Niger Discovers ‘Fake’ Meningitis Vaccine Given to Children
Niger health authorities said today ‘they had found a fake version of a meningitis vaccine after launching a vaccination campaign to inoculate 5 million children against the disease.
The Ministry of Public Health Dr. Idi Illiassou Mainassara said on March 15, 2019, the bogus vaccine, Mencevax ACWY, had been discovered during a "routine inspection" in the Niger capital city of Niamey.
An investigation is underway to try to ascertain how many of the fake vaccines have been used, the spokesman said. The fake vaccine is marked as having been manufactured in December 2016, with an end-date for use by November 2021.
In a statement, Dr. Mainassara asked doctors to be vigilant over this "counterfeit" vaccine.
Niger is a country that lies in the so-called "meningitis belt" stretching from Senegal in West Africa to Ethiopia in the east.
The Meningitis Belt is where outbreaks of the disease are a regular occurrence, says the World Health Organization (WHO).
In December 2010, a new meningococcal A conjugate vaccine was introduced in Africa through mass campaigns targeting persons 1 to 29 years of age.
As of November 2017, more than 280 million persons have been vaccinated in 21 African belt countries.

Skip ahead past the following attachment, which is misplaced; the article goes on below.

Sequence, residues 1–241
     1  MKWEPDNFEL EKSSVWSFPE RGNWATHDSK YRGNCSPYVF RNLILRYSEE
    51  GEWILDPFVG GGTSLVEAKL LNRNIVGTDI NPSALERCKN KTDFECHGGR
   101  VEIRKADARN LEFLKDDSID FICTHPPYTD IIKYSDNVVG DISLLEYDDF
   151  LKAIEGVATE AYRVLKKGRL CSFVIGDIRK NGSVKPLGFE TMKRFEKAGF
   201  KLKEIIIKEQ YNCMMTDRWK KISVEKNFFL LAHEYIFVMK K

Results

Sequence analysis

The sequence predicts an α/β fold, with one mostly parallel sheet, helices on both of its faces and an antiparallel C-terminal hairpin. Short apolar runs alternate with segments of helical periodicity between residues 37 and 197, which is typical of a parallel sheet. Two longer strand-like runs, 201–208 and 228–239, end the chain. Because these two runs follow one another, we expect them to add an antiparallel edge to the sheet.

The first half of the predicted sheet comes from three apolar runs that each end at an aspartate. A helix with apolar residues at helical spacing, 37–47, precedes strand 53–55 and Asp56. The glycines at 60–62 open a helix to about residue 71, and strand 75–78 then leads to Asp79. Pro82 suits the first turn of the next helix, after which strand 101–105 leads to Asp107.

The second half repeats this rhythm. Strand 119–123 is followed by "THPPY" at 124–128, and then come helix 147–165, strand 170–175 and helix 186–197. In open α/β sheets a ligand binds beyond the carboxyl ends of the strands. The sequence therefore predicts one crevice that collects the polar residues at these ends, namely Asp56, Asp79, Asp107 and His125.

The vaccine is remarkably safe and cheap. In addition, its thermostability allows its use under Controlled Temperature Chain (CTC) conditions.
Its impact on carriage and the reduction in disease and epidemics is significant: a 58% decline in meningitis incidence and a 60% decline in the risk of epidemics were described.
It is now introduced into routine infant immunization.
Maintaining high coverage is expected to eliminate meningococcal A epidemics from this region of Africa.
However, other meningococcal serogroups such as W, X, and C still cause epidemics and around 30 000 cases are reported each year in the meningitis belt.
WHO is committed to eliminating the meningococcal disease as a public health problem.
Meningococcal meningitis is a bacterial form of meningitis, a serious infection of the thin lining that surrounds the brain and spinal cord.
Meningococcal meningitis is associated with high fatality (up to 50% when untreated) and high frequency (more than 10%) of severe sequelae.
Early antibiotic treatment is the most important measure to save lives and reduce complications.
Previously, the US Centers for Disease Control and Prevention (CDC) had issued Travel Alerts for Polio in Niger on December 14, 2018. The CDC recommends that all travelers to Niger be fully vaccinated against the polio virus.
The CDC recommends vaccination with a meningococcal conjugate vaccine for all preteens and teens at 11 to 12 years old, with a booster dose at 16 years old. Teens and young adults (16 through 23-year-olds) also may be vaccinated with a serogroup B meningococcal vaccine.
Separately, on February 15, 2019, the US Department of State issued a Level 3 Travel Advisory, Reconsider Travel, regarding safety and security risks in Niger.